Children of Charles and Cynthia (Warren) Bigelow:
15133.421 Sarah Warren, b 10 April 1831.
15133.422 Agnes Louisa, b 08 Dec 1836, Uxbridge, MA; m 12 Oct 1854 (1856) William Goodnow; resided New York City.
Children of Charles and Harriet C. (Taft) Bigelow:
15133.423 Charles, b 16 Aug 1851; d 14 May 1852.
15133.424 Hattie C., b 28 Feb 1853; m Robert C. Gerabrant; resided Chicago, IL. Harriet Gadband (see below)
15133.425 Charles, (Texas Charley), b _ Dec 1854 (b 14 Jan 1855 Worcester, MA); d 30 Dec 1917 (at Houston, TX; bur Evergreen cemetery, New Haven, CT); res. New Haven, CT (see below)
Bigelow Family Genealogy Vol II , p 22-23;
Howe, Bigelow Family of America; p 288;
Houston Chronicle December 31, 1917
Colonel Charles Sam Houston Bigelow (Texas Charley Bigelow)
Father: Charles Bigelow
Sister: Mrs. Harriet Gadband (Chicago)
Bom January 14, 1855 at Worcester Massachusetts
Died December 30, 1917 at Houston City Auditorium while giving an address on the importance of the US joining the Allies irt the European War (WW1). The address was titled "The Kaiser's Quiver".
Buried in Evergreen Cemetery in New Haven.
Hometown (when he died) was New Haven Conn. Appeared in New Haven city directory in 1888 (home at 718 Orange). Also this is the first year for a listing for Healy and Bigelow Co. in New Haven (521,523, 525 Grand Ave. New Haven).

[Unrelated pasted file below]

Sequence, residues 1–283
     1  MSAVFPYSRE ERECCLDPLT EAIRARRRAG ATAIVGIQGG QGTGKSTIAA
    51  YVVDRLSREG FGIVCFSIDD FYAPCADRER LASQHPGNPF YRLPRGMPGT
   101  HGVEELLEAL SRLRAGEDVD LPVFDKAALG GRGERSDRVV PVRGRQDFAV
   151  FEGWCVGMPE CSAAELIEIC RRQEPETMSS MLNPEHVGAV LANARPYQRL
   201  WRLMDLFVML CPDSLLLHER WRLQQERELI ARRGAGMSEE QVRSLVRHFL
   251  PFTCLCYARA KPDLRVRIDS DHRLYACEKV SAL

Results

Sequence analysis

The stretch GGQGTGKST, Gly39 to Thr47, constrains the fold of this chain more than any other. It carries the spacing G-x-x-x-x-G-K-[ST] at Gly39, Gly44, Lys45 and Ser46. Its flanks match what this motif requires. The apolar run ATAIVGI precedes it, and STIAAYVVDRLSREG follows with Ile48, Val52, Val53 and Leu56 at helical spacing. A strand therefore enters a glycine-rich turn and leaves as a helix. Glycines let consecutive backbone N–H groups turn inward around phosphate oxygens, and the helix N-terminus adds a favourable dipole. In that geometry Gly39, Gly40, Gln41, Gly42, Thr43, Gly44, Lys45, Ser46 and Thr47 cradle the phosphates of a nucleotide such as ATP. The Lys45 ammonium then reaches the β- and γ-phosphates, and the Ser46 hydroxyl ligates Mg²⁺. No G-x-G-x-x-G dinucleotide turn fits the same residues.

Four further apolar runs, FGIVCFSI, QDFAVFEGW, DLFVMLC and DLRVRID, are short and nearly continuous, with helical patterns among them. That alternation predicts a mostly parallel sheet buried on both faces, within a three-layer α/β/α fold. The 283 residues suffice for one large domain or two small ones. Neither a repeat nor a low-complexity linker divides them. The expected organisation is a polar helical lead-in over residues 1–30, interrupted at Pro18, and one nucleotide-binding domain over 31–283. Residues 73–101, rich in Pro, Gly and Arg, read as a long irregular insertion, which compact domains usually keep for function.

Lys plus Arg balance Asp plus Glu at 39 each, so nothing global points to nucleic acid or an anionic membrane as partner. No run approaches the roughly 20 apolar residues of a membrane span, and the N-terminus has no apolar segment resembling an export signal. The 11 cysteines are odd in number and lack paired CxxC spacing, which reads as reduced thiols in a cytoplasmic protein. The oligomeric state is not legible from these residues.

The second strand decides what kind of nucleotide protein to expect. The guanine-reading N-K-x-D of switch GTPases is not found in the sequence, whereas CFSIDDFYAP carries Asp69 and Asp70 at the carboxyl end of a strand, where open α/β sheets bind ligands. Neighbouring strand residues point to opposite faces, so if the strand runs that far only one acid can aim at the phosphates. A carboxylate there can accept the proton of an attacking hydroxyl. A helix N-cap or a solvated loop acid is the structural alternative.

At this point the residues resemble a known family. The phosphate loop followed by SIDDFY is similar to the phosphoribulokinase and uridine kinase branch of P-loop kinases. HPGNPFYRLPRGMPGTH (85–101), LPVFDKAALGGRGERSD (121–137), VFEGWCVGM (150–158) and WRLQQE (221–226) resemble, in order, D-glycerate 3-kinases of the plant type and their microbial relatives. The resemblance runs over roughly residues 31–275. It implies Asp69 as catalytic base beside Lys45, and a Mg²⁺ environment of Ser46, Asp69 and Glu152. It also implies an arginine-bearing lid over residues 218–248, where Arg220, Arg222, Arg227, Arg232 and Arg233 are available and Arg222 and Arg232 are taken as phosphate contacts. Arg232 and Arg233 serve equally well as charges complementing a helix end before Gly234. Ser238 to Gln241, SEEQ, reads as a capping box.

The following with slight editing has been taken from the Houston Chronicle December 31, 1917. The death of Colonel Bigelow was covered on the front page.
"Colonel Bigelow had been a notable figure in Western pioneer life. In his earlier life he had been a warm friend of the late Colonel William F. Cody (Buffalo Bill) and was with the later in many of his tours of the Western wilds. Colonel Bigelow had one of the most extensive collections of Indian relics in the country. While a young man he went west, where as an Indian scout he became associated with Colonel Cody and other historic characters of the old frontier. He witnessed many Indian fights and lived through the stirring scenes that go to make up the history of the romantic Southwest.
Returning to New England he engaged in the manufacturer of proprietary medicines and amassed a fortune. He continued in this business for 20 years. Fifteeen years ago he retired from active business and devoted his time to travel, visiting every civilized nation of the globe. Seven years ago at the age of 55 he married. There are no children.
For the past six years he had been a resident of Liverpool, England. And was of material assistance to the English government in securing recruits for the English army at the outbreak of the European War.
Colonel Bigelow's father, Charles Bigelow,
was a Texas pioneer having settled in Houston 40 years ago. He held office
here at one time and later surveyed out a portion of Galveston County.
The name Bigelow appears in the old survey and the county records. Because
of the early association of his father with the affairs of South Texas,
Colonel Bigelow has always held a warm spot in his heart for this city,
and has always looked forward to his visits with pleasant anticipations."
Information taken from "One for a Man, Two for a Horse" by Carson.
Information supplied by:
David T. Hulse
6992 S. CR 350 W
Clayton, IN 46118